Why Animals Are Abandoned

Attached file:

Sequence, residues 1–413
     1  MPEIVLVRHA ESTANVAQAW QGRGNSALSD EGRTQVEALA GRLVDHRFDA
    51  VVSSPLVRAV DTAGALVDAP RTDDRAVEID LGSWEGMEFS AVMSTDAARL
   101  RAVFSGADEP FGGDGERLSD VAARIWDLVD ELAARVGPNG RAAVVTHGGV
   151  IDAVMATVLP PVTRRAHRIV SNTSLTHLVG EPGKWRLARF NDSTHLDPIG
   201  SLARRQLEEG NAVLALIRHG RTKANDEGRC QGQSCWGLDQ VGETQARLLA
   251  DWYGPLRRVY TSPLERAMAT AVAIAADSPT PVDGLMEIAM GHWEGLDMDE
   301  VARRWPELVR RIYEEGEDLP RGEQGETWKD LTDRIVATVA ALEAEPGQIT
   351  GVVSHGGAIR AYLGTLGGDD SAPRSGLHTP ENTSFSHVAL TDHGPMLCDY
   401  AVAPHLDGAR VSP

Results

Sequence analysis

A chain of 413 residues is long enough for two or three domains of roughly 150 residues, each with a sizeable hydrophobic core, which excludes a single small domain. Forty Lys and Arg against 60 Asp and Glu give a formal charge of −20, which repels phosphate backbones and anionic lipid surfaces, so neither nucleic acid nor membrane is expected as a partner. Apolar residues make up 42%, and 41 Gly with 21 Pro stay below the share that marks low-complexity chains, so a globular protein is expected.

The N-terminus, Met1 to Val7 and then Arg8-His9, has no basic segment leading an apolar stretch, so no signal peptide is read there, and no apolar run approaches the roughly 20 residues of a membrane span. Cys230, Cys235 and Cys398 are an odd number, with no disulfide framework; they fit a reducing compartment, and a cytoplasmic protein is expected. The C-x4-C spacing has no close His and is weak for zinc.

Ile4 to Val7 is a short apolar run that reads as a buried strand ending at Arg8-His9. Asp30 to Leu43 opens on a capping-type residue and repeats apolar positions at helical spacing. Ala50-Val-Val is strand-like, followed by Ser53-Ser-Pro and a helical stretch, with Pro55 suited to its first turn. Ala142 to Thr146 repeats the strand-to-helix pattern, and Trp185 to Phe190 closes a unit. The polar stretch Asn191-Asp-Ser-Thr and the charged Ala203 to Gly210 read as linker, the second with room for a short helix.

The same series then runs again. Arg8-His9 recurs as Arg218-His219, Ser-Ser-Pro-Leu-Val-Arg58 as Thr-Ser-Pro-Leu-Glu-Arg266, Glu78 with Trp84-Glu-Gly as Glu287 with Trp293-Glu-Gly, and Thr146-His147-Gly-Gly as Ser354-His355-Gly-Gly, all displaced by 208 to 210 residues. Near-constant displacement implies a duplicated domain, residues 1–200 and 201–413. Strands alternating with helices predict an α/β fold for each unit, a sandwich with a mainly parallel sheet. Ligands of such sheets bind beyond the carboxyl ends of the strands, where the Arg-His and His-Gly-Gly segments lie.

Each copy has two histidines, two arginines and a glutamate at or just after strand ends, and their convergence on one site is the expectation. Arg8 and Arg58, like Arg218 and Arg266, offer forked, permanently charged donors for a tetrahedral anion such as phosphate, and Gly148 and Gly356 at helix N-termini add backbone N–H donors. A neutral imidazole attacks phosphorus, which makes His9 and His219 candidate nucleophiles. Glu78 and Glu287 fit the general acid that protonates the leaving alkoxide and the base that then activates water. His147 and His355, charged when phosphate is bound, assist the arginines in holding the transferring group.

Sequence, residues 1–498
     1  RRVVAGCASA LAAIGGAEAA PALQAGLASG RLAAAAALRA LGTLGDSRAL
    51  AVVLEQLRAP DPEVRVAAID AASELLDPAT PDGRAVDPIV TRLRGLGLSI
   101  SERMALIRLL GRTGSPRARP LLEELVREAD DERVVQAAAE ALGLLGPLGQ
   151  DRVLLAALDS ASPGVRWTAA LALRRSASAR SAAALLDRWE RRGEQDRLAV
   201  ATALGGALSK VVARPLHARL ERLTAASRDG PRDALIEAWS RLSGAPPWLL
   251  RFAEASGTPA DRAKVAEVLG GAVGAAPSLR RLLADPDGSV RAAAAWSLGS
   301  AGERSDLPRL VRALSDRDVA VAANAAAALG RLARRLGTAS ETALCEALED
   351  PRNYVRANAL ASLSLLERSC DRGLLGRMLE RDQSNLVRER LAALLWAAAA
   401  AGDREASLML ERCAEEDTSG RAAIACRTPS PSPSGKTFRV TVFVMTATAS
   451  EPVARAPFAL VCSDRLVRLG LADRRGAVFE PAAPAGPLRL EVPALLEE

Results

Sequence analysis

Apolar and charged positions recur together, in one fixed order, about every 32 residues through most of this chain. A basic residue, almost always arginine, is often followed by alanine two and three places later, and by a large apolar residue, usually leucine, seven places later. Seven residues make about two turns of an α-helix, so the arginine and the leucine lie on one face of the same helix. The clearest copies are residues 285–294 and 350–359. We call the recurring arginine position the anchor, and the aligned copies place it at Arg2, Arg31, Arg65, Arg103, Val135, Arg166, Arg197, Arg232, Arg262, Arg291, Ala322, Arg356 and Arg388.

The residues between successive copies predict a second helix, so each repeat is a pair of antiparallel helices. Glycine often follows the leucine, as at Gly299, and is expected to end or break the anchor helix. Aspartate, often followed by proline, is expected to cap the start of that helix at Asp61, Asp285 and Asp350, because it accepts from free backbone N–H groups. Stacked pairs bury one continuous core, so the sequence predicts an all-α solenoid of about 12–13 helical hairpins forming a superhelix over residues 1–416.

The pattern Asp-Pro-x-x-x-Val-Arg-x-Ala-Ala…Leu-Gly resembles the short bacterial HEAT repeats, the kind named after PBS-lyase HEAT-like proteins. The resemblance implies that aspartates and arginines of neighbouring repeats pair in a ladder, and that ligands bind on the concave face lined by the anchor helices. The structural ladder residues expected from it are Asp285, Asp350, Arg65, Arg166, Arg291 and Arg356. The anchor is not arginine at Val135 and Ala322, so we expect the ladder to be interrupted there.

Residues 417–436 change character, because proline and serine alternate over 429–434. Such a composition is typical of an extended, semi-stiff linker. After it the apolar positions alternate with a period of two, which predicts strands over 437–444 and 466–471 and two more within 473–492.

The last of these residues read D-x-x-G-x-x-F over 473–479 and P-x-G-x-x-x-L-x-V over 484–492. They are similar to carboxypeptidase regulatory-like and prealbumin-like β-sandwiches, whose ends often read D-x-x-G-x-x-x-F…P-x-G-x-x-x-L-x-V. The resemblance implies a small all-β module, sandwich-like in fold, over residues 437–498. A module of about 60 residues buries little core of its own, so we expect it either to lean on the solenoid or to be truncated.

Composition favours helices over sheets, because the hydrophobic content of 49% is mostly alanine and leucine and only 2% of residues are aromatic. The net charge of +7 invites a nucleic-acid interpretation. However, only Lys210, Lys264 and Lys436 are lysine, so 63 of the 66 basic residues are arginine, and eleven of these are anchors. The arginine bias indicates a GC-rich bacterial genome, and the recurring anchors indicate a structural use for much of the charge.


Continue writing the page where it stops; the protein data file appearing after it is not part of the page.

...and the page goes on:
Throughout the world, animal shelters are overflowing with dogs and cats that are in need of good homes. But how did so many get there? It can be hard for dedicated pet lovers to understand how someone could just surrender his or her companion. When a dog/cat ends up in a shelter, it is not their fault. Most behavioral issues, for instance, can typically be traced back to the way in which their former caretakers handled them. 10 reasons Here are the top 10 most common reasons dogs and cats end up in shelters: 1. Lack of training: Many people get a dog without realizing how much training is involved. Dogs do not come trained. They need diligent leaders who are willing to put in the hours setting rules, boundaries, and limitations, and spending time teaching them commands. Puppies do not come housebroken and must be taught to go to the bathroom outside. People fail to take this into account when bringing home a dog and ignore problems, which often lead to behavioral issues. Shelters are filled with dogs that have potty training, socialization, and obedience issues, all of which could have been prevented through proper training and socialization. 2. Lifestyle changes: People losing their job, getting a divorce, having a new baby, or encountering difficulties with their health are also common reasons that dogs and cats end up in shelters. A person may become overwhelmed by a dog or cat when they have a new baby, or may be unable to attend to them if they are unhealthy themselves. It is extremely devastating when a pet parent passes away and their beloved friend and companion suddenly finds themselves losing their happy and safe home, surrendered to a shelter. 3. Moving: Sometimes, people move and cannot take their dog or cat with them. The home that they relocate to might not allow pets. My own personal case was extreme. The mobile home park was sold to an organization that ordered there was to be one dog per household. I had three. In a state of panic, I had to quickly decide how to handle this unexpected and horrible predicament. I decided to haul my mobile home to another park where my three certified therapy dogs were immediately accepted. It was a decision I certainly never regretted, even though this was a huge undertaking. I would not have had it any other way. 4. Not enough time for a pet: Our lives are busy, and having a dog or cat requires making time to properly care for it. One of the main reasons that pets end up in shelters is that their people get busy and start to prioritize other things above their pet, thus neglecting its needs. Oftentimes, children who pushed their parents to get them a pet by promising to take care of it become interested in other things, thus leaving the responsibility of the pet to their overwhelmed parents. Such was the case with me as a child. More about that in a soon-to-come column. 5. Cost of pet ownership: Between vet bills, boarding, buying food, toys, and grooming, pets can be expensive. Many people underestimate the amount of money that owning a pet will involve, especially if there are special needs or health issues involved. And some will change their priorities and opt to spend their money elsewhere, choosing to relinquish their pet. Personally, my pets are my priority. Always were and always will be. I only recently invested in a cell phone and still own a 24” TV and am fine with that as long as I have a warm dog or cat in my lap! 6. Health issues: Old dogs/cats and pets with injuries and other health-related issues require more money, time, patience, and attention than healthy young pets. Some people make the decision to get rid of the pet versus continue to care for them once an illness or ailment arises. Hoping my future caretaker does not feel the same about me. 7. Biting: Dogs are often hauled off to shelters because they have bitten a member of the family. If a dog exhibits aggressive behavior, it must be dealt with immediately. Biting can be avoided if a dog is properly trained and socialized, and if behavioral issues are addressed before they worsen. Often, young children are not supervised or taught how to properly interact with their pet. When the pet reacts defensively, it may likely result in being surrendered to a shelter. 8. Too many animals in the home: Pets are cute and can be adopted impulsively. However, when there are too many animals in the home, it can become a problem. People who fail to spay or neuter their pets may end up with a whole litter and find themselves with nowhere to place the puppies or kittens. A dog may be fighting with a cat in the house or may not be getting along with the other dogs in the pack, thus resulting in it being sent to a shelter. Controlling a multi-pet household can be challenging, but it is manageable with time, effort, and supervision. 9. Allergies within family household: If someone in the household develops an allergy to a pet, it may wind up in a shelter. People may have developed an allergy to the pet, might have a significant other move in who is allergic, or may have a child that is born with or develops a dog or cat allergy. 10. Strays and rescues: People who find dogs or cats on the street often take them in on a temporary basis while searching for its family. If the dog or cat’s people are not found, they are often given to a local shelter in the hopes that they will be placed in a home. Prevention Here are some ways you can prevent dogs and cats from ending up in shelters: — Think before you get a dog or cat. Potential dog or cat adopters should carefully decide as to whether or not to bring a dog or cat home. Do your research and factor in whether or not you’ll be able to meet all responsibilities of pet ownership. — Consider other alternatives to surrendering your pet to a shelter: — If you have a dog and experience a lifestyle change, try your best to work through it without leaving your dog at a shelter. If you find yourself with less time on your hands, consider putting your dog into day care or hiring a dog walker to give it some exercise and attention during the day. If you move and are unable to take the dog or cat with you or cannot afford the costs anymore, seek out responsible new caretakers for your pet. If you develop an allergy, try bathing the dog in hypo allergenic shampoos to alleviate your condition. If you find a stray dog or cat on the street, foster it until you are able to secure a reliable home through friends or rescue. Pet expo One week until the SPCA pet expo! My boys and I are very excited about this event, and I will write all about the weekend in my column the following week. Come say hello to Smudge, Swayze, and maybe Rue! Who is Rue?? Better come to the expo to find out!! We will be at The Citizens’ Voice booth. Dog bless. Resource: Nicole Pajer/Cesar’s Way Judy Endo writes about pets. Contact her at firstname.lastname@example.org.